Bottom line is everyone’s situation is unique. Like those stupid business climate rankings that appear annually, no one size fits the same. Do your homework.

    • Jeff C.

      ” I know folks in Minnesota that are getting ready to leave here because of taxes.”

      Really? I’d love to know more. I often hear people say things like this but never hear the details. I’d love to understand a scenario in which moving because of taxes is a wise financial move.

      • John O.

        Short version of a longer (and more complex discussion/situation): in *their* case, one of them has a pension where 28 percent is being withheld monthly. Again, your mileage may vary.

        • Josh

          I do find tht interesting. Presumably almost any state will tax part of that pension. And some of that 28% is federal taxes, no? Meaning I’d guess you’d be hard pressed to move to a state where less than 15% is removed monthly. So now you are “gaining” at most 13% of your income. And unless you make a lot (and if you made a lot you wouldn’t need to move for financial reasons), moving costs are going to swamp that 13%. So you would be moving counting on starting to recoup those moving costs in a few years time. And I can’t imagine myself choosing to leave my friends and family just to make some more money in 4 years time.

          Obviously I do not understand this person’s situation AT ALL and am not saying they are making the wrong decision. But I dinf it interesting to walk through.

    • Jim in RF

      Taxes should mean much less to a retiree. Yes, MN (and WI) have above-average income taxes but lower real-estate taxes, which is essentially a wealth tax. Retirees have lower income (they’re retired!), but higher wealth (own property), so they come out ahead. And yes, maybe we should have an accumulated wealth tax instead of an income tax.

      • Tim

        It really all depends. For example, a relative of mine who retired from the military moved to a different state that didn’t tax his retirement pay, while Minnesota did (up until last year). That, in addition to a lower cost of living and the ability to sell his house for a good price, made moving out of state quite attractive. But each situation is different.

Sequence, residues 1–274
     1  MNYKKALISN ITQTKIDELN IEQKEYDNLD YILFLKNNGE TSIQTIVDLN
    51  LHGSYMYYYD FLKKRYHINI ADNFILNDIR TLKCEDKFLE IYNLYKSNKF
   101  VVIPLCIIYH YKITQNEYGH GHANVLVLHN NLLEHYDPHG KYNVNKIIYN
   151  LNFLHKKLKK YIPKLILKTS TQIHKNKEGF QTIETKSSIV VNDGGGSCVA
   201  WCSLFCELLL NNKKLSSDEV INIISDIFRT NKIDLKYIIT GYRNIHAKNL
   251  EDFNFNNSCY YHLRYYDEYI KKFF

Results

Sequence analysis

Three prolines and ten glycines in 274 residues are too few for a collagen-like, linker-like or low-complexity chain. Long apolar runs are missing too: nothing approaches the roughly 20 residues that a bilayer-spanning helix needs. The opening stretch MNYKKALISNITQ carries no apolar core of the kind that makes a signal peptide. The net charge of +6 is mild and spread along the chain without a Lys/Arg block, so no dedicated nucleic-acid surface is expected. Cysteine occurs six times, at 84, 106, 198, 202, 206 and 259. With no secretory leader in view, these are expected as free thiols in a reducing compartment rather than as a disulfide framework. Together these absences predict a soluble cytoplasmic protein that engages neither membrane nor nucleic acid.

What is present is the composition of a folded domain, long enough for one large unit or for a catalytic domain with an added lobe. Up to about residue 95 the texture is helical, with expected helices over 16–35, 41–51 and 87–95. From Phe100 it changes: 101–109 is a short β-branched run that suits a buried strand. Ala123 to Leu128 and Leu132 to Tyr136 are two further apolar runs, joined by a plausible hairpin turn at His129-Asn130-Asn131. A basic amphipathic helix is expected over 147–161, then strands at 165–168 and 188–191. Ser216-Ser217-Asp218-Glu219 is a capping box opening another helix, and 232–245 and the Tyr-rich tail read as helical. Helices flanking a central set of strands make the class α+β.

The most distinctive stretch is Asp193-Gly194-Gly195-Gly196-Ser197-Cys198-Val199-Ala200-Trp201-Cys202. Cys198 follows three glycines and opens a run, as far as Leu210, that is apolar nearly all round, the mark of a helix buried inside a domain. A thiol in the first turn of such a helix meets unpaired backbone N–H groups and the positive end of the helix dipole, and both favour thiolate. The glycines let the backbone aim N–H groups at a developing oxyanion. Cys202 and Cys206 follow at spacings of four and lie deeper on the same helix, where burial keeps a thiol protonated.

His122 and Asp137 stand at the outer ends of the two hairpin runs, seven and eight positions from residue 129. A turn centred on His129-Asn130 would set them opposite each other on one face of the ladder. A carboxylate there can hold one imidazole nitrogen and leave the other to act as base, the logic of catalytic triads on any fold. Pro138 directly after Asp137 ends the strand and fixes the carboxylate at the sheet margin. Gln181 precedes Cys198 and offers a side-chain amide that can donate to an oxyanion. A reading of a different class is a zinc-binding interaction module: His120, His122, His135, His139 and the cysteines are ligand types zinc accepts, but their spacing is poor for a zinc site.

• I guess what I find most interesting about discussions like this — and we’re in a discussion in my house about where to go when we retire — is how much the selection process is on taxes . I vaguely recall a study somewhere years ago that showed the reason why retirees often move BACK to Minnesota — family.

        Granted I’m a (real) family values kind of person — I like to be around mine — but I’m always surprised by the low weight that item gets in the apparent decision-making process.

        To me scenery is nice, weather is nice, taxes are nice, but I just can’t square trading family in for that.

        • Rob

          I’m with you on the tax question; I’ve always been happy to pay higher taxes for more and better services, and tax rates have played no role whatsoever in my retirement planning. Crappy weather, on the other hand…

  • Ralphy

    I have taken a vow to not do business with or spend time in what I call “hostile states”, which includes most of the deep south and the cowboy belt.
    Why would I want to spend time and $ where my family is not welcome?

    • Rob

      Good points. I’ve never been a fan of what I call the Cracker States either.

  • Erick

    Pity poor Florida, ranked just below North Dakota.

  • Gary F

    Black Hills of South Dakota. Beautiful and lower taxes.

    • Rob

      I grew up there, and still get back a often as I can. Great motorcycling area. Taxes don’t bother me one way or the other, and I’m not a fan of the state’s regressive politics, but what can you do? The winters tend to be much more more hospitable, too, thanks to the Chinook winds.

    • Joe

      That’s going to grade real low on the cultural amenities scale, and not too great on the health care scale either.

      • Rob

        You just have to stay healthy, and drive over to Denver or Boulder when you need some culture. : )

        • wjc

          Yeah, only an 8 or 9 hour drive, eh? No thanks.

          • X.A. Smith

            South Dakota: come for Mount Rushmore, stay for the high level of political corruption!

          • Jerry

            Don’t forget the homophobia

          • X.A. Smith

            Believe me, I won’t.

          • Rob

            : )

  • dave

    ANY ranking of places with more than one factor depends on how the relative importance of the factors to the person making the ranking.

  • Kassie

    It must be nice for you all to part of generations that believe you will be able to retire. My student loans won’t even be paid off until I’m 66, then I’ll be able to start saving for retirement in earnest.

    • It is nice. I never thought when I started out in this business making $110 a week for a six day week, driving 40 miles each way to the job, that I would be able to retire.

      How did it happen? I don’t know. I remember sitting in my house once in Mass., with two little kids and saying to my wife, “we only have $800 in the bank.”

      Parents were certainly helpful which is why my focus in these last years is figuring out how to leave as much as I can to my kids, because this next generation is going to be in a world of hurt.